Apple's privacy move pressures Israels digital ad sector

Viola Ventures congratulates portfolio companies on their IPOs credit: City Media

Companies like Playtika, ironSource and Outbrain have been struck blind when it comes to Apple users.

Apple CEO Tim Cook has made privacy one of his main concerns as head of the company, and for good reason. Safeguarding privacy benefits the Apple brand, positioning it as a company that cares about its customers, while also giving an edge versus the competition, which should boost revenue in the long run. Besides placing restraints on giants like Facebook and Google, the new privacy restrictions on Apple devices are putting the entire technology and digital marketing industry under pressure. In Israel, some players are already considering freezing their ad campaigns.

Right now, marketing executives at Israeli technology companies are waiting to see how Apple's new restrictions will affect their ability to reach new audiences and the effectiveness of their multimillion dollar campaigns. Although Apple announced these restrictions several months ago, they only became operational a few weeks ago, when millions of Apple customers began downloading the new operating system that makes it difficult for technology companies to expose users to advertisements.

The new restrictions imposed on the industry by Apple affect almost every part of the marketing infrastructure at technology companies, effectively making them blind in relation to Apple customers across the company's range of devices, rendering them unable to customize marketing messages or measure campaign effectiveness. In the coming weeks, Apple will begin limiting customization of in-app advertisements, remove the ability to embed "cookies" (software installed on the user's computer that can detect, analyze, store and track behavior patterns) in Safari browsers on PCs, and impose severe restrictions on user behavior monitoring and on email marketing systems like Mailchimp and marketing management systems like HubSpot, the most popular marketing management software in Israel.

What's happening with Apple customers isn't just a worry for the large Israeli downloadable app developers like Playtika and Moonactive. It also affects companies that sell products to corporate customers and manage huge advertising budgets on YouTube and Facebook, like and Wix, and enterprise software companies that make extensive use of content-based e-mail campaigns like SimilarWeb. Watching from the sidelines with concern for the growing difficulty of advertising to Apple users - and the consequent rise in ad rates - are small and medium-sized enterprises that depend on platforms like Facebook and Amazon to reach their customers.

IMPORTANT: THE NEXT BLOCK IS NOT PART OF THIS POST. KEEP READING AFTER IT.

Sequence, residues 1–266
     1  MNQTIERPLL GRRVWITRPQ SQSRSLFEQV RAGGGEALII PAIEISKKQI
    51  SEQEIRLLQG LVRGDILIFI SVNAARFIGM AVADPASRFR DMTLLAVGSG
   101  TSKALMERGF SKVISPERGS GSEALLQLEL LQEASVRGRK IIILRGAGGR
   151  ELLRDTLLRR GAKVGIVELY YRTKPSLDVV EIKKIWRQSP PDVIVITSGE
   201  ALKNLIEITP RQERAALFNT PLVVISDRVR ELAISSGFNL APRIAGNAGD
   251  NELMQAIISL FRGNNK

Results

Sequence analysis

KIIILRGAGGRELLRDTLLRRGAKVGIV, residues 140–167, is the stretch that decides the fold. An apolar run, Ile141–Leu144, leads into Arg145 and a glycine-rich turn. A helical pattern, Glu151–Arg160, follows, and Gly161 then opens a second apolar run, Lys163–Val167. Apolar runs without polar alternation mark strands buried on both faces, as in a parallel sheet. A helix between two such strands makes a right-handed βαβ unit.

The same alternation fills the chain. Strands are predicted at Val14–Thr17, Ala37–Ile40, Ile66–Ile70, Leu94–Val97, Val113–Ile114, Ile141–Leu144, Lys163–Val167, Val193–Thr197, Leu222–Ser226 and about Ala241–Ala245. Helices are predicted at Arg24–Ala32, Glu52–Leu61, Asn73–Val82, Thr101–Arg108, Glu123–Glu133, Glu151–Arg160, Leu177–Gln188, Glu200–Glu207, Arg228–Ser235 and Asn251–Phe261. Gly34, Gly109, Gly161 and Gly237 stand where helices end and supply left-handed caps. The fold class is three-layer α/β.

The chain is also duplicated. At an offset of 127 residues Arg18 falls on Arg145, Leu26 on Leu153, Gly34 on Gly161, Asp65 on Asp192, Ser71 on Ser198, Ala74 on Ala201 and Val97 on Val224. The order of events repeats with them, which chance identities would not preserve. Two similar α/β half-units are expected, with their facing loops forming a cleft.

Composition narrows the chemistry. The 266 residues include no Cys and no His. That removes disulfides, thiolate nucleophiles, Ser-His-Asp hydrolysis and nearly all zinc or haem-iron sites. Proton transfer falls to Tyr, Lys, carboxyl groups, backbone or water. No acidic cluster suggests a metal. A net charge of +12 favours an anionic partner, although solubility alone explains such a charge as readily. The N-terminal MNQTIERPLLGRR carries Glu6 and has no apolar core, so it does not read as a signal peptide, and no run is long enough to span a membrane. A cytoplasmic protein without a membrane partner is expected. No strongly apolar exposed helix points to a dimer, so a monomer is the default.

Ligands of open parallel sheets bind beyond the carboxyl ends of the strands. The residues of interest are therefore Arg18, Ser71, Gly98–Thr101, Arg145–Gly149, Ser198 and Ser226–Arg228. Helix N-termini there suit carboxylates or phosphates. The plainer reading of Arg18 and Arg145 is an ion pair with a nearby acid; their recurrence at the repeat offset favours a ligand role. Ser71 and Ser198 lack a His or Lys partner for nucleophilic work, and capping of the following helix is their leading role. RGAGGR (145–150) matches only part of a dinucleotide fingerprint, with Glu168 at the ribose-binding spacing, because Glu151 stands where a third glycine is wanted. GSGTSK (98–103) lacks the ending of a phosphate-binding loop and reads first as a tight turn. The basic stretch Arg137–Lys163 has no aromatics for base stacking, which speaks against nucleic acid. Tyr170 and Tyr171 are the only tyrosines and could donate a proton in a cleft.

"Crazy price hikes will eliminate players"

"Since mid-June - when Apple's restrictions began to affect the market - we've seen an insane increase in advertising prices, raising campaign costs by about 30%," says one senior marketing executive at a major company who requested anonymity. "The immediate victims are digital ad-oriented companies that encourage users to download apps or go to landing pages, as well as small advertisers who won't be able to withstand this increase in advertising rates. Now, everyone is waiting to see if these small advertisers will leave the market or reduce their ad spend."

IronSource, which made the largest Israeli IPO ever on the NYSE, is one of the companies most affected by Apple's move. As one of the world's biggest mobile advertising networks, it has had to raise the price of in-app ad placements by a considerable amount - a cost that is passed on to app developers, among others. And "Globes" has learned that Facebook, which initially slammed Apple over the move - claiming that it would hurt small businesses - recently raised its ad rates by about 30%.

Whether as a consequence or not, the market caps of most of the advertising companies that recently went public on Wall Street have fallen significantly. IronSource's share price dropped by about 20%, Outbrain was forced to cut its valuation prior in its week's IPO the other week, and its share price has fallen since.

"App companies, website owners and advertising agencies are worried about what's happening. Apple is taking away a distribution channel that they've relied on for many years," Russell Jeffery, Director of Strategic Integrations at Israeli company Duda, which helps small and medium-sized businesses set up and design websites on mobile and PC, told "Globes". "It's frustrating when you can't use a tool that's so central to your business, and the businesses we work with see the move as something that will undoubtedly hurt them. It's very worrying."

"It's not making anyone stop their campaigns right now, but it's definitely making them re-examination them," says Barak Witkowski, VP Product at AppsFlyer. "At this stage, everyone is looking at the returns on their marketing campaigns, the prices of ads they sell or buy. This definitely doesn't mean that there won't be a bigger change in the long run."

"This topic is top of mind for the marketing executives at Moonactive, Playtika, and Plarium, but also for executives at medium-size and small companies," a senior digital advertising company told "Globes". "This isn't about what will happen to each individual company; it's about the future of digital advertising, privacy, and the decision-making considerations of giant corporations."